But this bright façade did not eclipse the other, more sinister, narrative – about communal polarisation. The saffron camp’s ultimate aim in India is to see the eventual establishment of the Ram Temple in Ayodhya, where a century-old mosque of the Mughal ruler Babur had been demolished in December 1992, marking the national inauguration of the dangerous project of accomplishing a Hindu state.

Supporters of BJP at an election rally in Amethi, Uttar Pradesh. A large crowd waves orange and green flags with political slogans.
Supporters of BJP at an election rally in Amethi, Uttar Pradesh. Image: narendramodioifficial (CC BY-SA 2.0)

But owing to its lack of majority in parliament, and other socio-political compulsions, the BJP were never in a position to make this happen in the past. Even today, when it has a large majority in both the parliament as well as the legislature in Uttar Pradesh where Ayodhya is located, a variety of political and legal challenges ensure that the BJP would never have a cakewalk in this regard. If the BJP – backed by the Sangh Parwvar – tries to force the agenda, it would backfire, irrespective of its brute majority and the toothlessness of a great many contemporary media establishments.

Like in every vibrant democracy, there is an invisible pressure which is always at work in India and even the most powerful of regimes are made to bow before it. In the mid-1970s, Indira Gandhi had learnt it by heart after she called a state of emergency in order to cling on to power. But at the same time, the BJP can never let go of its political goal for it would mean an implosion in the Parivar and the very purpose of its political survival and functioning would be defeated.

Hence, for the BJP, a fallback plan becomes relevant – and that is all about cow vigilantism.


For the BJP, cow politics are, in a way, more effective than the Ram Temple movement. In the past, the BJP was more focused on making an impact on the Hindi belt, which comprises the northern and western regions of India. The party leadership and cadre had rallied around Ayodhya all these years, making the Ram Janmabhoomi movement the hallmark of its Hindutva project.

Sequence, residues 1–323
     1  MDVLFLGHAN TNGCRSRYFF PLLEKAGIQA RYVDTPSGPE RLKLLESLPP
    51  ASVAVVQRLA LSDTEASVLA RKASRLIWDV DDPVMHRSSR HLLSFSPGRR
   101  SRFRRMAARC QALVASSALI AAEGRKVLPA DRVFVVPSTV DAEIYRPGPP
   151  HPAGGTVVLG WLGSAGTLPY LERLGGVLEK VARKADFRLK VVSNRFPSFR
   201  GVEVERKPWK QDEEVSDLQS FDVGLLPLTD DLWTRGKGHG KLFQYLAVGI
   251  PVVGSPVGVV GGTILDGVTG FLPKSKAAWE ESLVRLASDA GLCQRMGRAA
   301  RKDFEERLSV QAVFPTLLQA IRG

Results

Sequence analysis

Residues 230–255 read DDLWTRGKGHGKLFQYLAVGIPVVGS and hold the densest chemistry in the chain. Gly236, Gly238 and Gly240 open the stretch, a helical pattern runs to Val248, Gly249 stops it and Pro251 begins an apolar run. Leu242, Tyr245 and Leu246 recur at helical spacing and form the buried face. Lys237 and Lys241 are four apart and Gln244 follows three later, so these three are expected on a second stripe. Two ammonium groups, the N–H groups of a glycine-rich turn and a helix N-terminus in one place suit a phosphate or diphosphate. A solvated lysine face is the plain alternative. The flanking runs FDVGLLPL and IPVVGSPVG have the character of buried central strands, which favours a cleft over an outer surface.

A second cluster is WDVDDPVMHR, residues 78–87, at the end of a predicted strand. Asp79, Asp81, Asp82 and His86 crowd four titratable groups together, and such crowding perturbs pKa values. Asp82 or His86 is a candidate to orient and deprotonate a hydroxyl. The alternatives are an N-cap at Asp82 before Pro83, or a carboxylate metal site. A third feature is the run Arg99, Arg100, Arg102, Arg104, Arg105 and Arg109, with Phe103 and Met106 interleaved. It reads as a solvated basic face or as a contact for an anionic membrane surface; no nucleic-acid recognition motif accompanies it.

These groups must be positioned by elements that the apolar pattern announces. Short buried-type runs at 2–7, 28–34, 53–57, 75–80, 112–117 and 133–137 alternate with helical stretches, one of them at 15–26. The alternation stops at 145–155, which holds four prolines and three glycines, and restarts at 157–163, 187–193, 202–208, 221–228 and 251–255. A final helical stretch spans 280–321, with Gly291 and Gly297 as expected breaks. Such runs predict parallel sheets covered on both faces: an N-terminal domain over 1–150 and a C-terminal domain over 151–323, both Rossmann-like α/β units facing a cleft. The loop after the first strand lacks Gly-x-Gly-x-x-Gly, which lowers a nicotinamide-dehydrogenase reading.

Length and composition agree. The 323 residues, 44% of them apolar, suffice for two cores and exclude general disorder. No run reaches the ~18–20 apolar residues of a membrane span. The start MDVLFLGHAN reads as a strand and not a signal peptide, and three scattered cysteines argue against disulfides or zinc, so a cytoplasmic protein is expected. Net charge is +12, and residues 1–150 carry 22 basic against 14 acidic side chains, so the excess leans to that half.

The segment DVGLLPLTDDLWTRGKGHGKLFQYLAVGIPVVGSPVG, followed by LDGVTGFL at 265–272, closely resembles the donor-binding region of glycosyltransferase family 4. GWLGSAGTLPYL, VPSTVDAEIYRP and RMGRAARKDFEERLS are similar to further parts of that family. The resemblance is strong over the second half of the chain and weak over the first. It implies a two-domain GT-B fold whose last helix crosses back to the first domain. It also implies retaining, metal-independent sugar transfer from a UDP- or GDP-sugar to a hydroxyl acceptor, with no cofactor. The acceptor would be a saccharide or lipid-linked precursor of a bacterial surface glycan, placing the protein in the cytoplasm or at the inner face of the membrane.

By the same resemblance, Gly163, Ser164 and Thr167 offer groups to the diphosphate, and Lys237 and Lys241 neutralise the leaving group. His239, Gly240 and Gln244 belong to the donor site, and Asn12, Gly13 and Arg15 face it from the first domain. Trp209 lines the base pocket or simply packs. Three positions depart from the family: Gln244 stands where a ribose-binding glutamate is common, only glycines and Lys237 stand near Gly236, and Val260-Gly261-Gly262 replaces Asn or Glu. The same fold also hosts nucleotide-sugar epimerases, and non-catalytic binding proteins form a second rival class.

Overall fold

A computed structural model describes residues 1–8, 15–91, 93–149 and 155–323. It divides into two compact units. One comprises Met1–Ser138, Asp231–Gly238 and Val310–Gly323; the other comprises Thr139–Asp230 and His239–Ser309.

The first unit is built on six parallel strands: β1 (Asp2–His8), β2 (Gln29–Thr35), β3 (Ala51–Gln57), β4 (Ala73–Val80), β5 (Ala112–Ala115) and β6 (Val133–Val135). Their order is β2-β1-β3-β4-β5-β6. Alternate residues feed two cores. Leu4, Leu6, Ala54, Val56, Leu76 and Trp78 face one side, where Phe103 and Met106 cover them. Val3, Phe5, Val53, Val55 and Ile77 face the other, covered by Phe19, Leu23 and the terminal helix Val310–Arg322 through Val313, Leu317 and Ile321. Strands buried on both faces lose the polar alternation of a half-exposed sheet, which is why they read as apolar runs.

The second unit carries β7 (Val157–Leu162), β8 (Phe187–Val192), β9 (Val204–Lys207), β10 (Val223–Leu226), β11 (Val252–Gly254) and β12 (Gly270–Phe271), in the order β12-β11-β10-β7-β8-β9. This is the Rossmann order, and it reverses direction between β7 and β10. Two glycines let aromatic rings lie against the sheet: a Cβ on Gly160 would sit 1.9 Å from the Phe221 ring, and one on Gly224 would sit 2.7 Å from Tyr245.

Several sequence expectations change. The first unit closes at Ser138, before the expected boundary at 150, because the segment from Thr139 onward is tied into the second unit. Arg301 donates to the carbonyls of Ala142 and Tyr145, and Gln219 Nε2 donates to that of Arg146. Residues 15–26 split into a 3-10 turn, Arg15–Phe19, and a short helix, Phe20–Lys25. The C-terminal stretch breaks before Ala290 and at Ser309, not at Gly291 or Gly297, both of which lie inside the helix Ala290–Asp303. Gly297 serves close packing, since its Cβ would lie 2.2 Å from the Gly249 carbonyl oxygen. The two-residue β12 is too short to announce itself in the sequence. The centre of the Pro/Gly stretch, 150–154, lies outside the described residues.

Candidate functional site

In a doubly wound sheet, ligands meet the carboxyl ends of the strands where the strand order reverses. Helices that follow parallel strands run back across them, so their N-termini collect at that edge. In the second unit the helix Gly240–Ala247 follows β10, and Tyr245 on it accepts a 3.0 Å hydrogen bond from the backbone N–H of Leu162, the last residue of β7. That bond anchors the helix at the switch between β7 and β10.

The script, however, requires some changes today. The BJP now is in the process of replacing the centrist Congress as the most powerful national party. It has today penetrated parts of India in a way which was quite unthinkable even a decade ago. It has also dominated the politically challenging UP one-sidedly in the last two major elections.

The BJP has gone all out to pander to the majoritarian sentiments by banning beef, and turning a blind eye to the violent acts of those who proclaim themselves the true custodians of cattle and ‘Hindu honour’

The onus is now on the party to discover and deploy new narratives and symbols in order to support its pan-Indian ambitions. This is where the cow becomes highly relevant. It was highlighted at the beginning of this article that the cow transcends geographic and cultural boundaries across India. Lord Rama’s appeal might not extend much to the south, despite his victory over the Lankan king Ravana, but the cow has universal admiration in the hearts of almost every Indian because of its social utility – be it in the Hindi or non-Hindi zones.

The BJP has decided to exploit this factor in an effort to make pan-Indian gains. But just as every action has a reaction, the cow politics of the saffron promoters, too, has produced a backlash. The reason has been both religious and cultural. The BJP has gone all out to pander to the majoritarian sentiments by banning beef, and turning a blind eye to the violent acts of those who proclaim themselves the true custodians of cattle and ‘Hindu honour’. The BJP’s drive is showing signs of a backlash.


Liberal Indian society has begun to protest against the relentless attacks on minorities in the name of cow protection: “not in my name” is the mantra. Furthermore, Prime Minister Modi’s futile words against the atrocities have not helped the BJP’s cause either. On top of that, the imposition of a ban on beef, which is a staple diet in several parts of India, including in the south and north-east, has earned the BJP strong condemnation, not only from opposition forces but even from its own local chapters who know that forcing cultural homogeneity down the throat of Indians only heralds disaster.

It is somewhat ironic. Unlike his predecessor Dr Manmohan Singh, Modi has led a flawless administration so far in terms of corruption. But he has not been able to rein in the elements that are doing his government serious harm.

Unlike his predecessor Dr Manmohan Singh, Modi has led a flawless administration so far in terms of corruption. But he has not been able to rein in the elements that are doing his government serious harm.

Prime Minister Modi remains the overwhelming favourite of the majority of Indians – in no small part, because there is no alternative for them. But since politics is a game of uncertainty, the BJP can’t take for granted that Modi will have an easy ride in the 2019 general elections. The twin economic issues of demonetisation and the Goods and Services Tax, added to the dangerous cow politics being executed by the saffron fanatics on the ground, have made it clear to the BJP that no challenge is easily overcome in India’s modern democratic set-up.

So far, the BJP has succeeded in beating its fragile and hapless opposition decisively through glittering electioneering – but the mess the government and the saffron fanatics are leaving behind – in the domains of economy and society – means that India’s vibrant democracy may ultimately exact ruthless revenge on the ruler of the day.

Shubham Ghosh is a freelance journalist based in Bangalore, India. He writes on international affairs and Indian politics. Find him on Twitter at: @how_isee 

Feature image: Cows are a common sight in the streets of New Delhi. Image: Marc Shandro (CC BY 2.0)